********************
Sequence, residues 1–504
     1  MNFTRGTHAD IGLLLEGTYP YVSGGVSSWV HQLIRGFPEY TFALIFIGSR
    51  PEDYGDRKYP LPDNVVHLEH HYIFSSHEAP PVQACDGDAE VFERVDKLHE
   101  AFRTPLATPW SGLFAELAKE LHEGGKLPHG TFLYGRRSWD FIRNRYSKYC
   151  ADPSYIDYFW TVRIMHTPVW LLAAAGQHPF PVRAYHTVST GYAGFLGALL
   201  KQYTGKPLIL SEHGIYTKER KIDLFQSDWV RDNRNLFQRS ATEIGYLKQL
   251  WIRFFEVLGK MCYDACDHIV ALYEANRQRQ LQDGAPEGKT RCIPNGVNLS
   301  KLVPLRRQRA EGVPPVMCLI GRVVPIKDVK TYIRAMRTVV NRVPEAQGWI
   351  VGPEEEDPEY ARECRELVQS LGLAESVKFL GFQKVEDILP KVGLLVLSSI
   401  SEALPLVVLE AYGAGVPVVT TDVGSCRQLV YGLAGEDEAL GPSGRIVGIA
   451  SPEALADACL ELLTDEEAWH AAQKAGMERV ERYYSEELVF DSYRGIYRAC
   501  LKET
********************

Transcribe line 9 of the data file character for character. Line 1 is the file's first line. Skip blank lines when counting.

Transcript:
   351  VGPEEEDPEY ARECRELVQS LGLAESVKFL GFQKVEDILP KVGLLVLSSI